Two Reuters journalists accused of breaching Myanmar’s state secrets law while reporting on a massacre of Rohingya Muslims were yesterday jailed for seven years, fueling further international outrage a week after the army was accused of genocide.
Wa Lone, 32, and Kyaw Soe Oo, 28, who have been held in Yangon’s Insein prison since their arrest in December last year, were charged with violating the Official Secrets Act, a British colonial-era law that carries a maximum sentence of 14 years.
The case has sparked an outcry among the international community, calling it an attempt to muzzle reporting on last year’s crackdown by Myanmar’s security forces on the Muslim Rohingya minority in Rakhine State.
Army-led “clearance operations” drove 700,000 Rohingya into Bangladesh, carrying with them widespread accounts of atrocities — rape, murder and arson — by Burmese police and troops.
The reporters denied the charges, insisting they were set up while exposing the extrajudicial killing of 10 Rohingya Muslims in the Rakhine village of Inn Din in September last year.
They had told the court they were arrested after being invited to dinner by police in Yangon, who handed them documents.
As they left the restaurant, the pair were detained for possessing classified material.
However, Judge Ye Lwin was unmoved by their testimony.
“The culprits intended to harm the interests of the state, and so they have been found guilty under the state secrets act,” he told the packed Yangon court.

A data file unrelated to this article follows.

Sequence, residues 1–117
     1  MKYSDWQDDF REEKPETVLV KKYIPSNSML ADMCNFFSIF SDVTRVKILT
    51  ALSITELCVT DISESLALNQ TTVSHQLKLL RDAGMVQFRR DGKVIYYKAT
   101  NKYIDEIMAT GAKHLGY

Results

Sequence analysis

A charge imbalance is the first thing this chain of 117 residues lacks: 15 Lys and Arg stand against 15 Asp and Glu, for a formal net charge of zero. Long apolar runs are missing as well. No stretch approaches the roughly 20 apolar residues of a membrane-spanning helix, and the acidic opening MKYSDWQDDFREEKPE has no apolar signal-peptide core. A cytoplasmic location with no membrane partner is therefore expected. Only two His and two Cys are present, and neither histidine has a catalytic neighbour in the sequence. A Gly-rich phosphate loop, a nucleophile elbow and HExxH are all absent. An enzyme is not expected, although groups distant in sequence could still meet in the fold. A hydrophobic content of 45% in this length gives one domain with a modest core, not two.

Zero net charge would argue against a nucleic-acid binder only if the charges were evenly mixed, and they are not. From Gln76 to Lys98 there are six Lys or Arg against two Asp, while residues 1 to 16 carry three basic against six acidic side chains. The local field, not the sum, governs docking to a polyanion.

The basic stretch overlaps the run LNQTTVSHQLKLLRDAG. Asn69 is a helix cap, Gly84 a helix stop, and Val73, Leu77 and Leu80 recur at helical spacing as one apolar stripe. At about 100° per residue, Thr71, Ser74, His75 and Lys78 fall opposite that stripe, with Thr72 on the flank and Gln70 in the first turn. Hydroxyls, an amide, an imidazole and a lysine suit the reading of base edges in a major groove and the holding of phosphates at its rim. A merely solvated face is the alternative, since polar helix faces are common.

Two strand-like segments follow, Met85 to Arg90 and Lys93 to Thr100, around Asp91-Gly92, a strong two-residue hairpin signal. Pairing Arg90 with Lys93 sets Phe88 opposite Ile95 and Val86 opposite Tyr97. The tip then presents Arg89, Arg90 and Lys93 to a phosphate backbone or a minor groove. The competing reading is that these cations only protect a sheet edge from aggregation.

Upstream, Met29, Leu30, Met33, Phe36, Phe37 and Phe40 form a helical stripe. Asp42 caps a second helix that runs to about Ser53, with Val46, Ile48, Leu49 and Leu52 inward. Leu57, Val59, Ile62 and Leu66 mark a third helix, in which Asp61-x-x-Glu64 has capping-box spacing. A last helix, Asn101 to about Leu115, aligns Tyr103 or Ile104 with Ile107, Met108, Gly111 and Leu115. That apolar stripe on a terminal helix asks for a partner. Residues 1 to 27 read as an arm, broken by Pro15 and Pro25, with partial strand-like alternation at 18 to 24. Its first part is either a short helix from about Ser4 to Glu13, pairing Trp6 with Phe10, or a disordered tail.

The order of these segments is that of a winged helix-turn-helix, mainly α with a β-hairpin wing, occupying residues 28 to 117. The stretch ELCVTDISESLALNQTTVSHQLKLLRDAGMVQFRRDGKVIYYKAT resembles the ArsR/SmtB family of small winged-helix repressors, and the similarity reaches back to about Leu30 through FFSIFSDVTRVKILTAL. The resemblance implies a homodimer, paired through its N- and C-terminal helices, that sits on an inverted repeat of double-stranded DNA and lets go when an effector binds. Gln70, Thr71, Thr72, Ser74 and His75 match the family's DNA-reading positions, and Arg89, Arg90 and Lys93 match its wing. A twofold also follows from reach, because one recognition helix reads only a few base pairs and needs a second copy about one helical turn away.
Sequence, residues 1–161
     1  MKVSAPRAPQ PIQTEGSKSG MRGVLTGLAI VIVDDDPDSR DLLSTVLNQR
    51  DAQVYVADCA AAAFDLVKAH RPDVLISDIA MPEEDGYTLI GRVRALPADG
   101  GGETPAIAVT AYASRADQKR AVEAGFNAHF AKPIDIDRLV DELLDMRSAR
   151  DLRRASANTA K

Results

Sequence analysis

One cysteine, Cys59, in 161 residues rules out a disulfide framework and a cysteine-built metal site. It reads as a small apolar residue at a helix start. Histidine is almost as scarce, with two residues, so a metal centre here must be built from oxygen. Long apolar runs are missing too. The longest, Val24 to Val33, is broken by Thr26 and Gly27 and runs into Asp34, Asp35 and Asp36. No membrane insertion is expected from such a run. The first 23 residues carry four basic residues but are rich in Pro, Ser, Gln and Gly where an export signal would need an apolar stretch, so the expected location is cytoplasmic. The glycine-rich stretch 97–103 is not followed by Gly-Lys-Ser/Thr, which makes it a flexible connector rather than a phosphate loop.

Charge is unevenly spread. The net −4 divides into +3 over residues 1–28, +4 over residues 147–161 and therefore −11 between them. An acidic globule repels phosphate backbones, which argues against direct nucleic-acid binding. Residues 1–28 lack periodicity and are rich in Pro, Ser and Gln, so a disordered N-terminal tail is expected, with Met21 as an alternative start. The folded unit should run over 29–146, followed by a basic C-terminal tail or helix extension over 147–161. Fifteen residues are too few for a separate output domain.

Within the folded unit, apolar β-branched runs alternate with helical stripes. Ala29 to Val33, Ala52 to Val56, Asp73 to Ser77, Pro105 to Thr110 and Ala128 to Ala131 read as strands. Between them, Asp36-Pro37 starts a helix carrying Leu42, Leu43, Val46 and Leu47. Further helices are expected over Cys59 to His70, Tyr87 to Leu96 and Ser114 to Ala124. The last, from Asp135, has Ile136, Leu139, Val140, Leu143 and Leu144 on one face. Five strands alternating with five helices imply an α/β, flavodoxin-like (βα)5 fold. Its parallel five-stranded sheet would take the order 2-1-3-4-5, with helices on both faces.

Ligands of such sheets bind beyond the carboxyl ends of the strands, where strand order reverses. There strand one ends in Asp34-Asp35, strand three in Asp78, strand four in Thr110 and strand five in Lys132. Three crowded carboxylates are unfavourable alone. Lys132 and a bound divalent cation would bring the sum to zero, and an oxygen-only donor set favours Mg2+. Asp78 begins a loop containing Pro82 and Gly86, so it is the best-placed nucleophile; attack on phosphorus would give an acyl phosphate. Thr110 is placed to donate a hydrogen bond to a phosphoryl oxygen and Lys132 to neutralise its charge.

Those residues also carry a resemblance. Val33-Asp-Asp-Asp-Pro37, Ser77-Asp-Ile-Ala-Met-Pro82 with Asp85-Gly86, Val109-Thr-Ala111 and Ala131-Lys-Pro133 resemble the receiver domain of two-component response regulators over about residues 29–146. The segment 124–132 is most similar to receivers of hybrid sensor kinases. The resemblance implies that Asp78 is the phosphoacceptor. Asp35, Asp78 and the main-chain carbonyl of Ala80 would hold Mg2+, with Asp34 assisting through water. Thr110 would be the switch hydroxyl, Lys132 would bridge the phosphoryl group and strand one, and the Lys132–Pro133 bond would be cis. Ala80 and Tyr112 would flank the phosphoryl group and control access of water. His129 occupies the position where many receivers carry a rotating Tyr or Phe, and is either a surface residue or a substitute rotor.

“They are sentenced to seven years in prison each,” he said.
Kyaw Soe Oo’s wife wept after the judge delivered the verdict.
As they were led to the waiting prison van, the handcuffed pair, both Burmese nationals, gave brief, but defiant statements on the court steps.
“The government can detain us in the prison but ... don’t close the ears and eyes of the people,” Kyaw Soe Oo said.
Wa Lone, who gave a defiant “thumbs-up” to the massed ranks of reporters, said: “We will face it [the verdict] with stability and courage.”
Defense lawyer Khin Maung Zaw said an appeal would be lodged as soon as possible against the verdict, which Reuters denounced as based on “false charges.”
“Today is a sad day for Myanmar ... and the press everywhere,” Reuters editor-in-chief StephenAdler said in a statement, adding that the outcome was “designed to silence their reporting and intimidate the press.”
The UN in Myanmar and the EU joined the growing chorus of calls for the reporters’ release.
Rights groups decried the verdict as a sign of enduring repression in a country meant to be edging toward a more open and democratic future after almost a half-century of army rule.
The ruling “sends a stark warning to other journalists in the country of the severe consequences that await should they look too closely at military abuses,” Tirana Hassan, Amnesty International’s director of crisis response, said in a statement.
“This amounts to censorship through fear,” Hassan said.
The army has published its version of events at Inn Din village, conceding the Rohingya men were killed while in custody, but saying it was a one-off case of abuse by a mixture of security forces and ethnic Rakhine locals.
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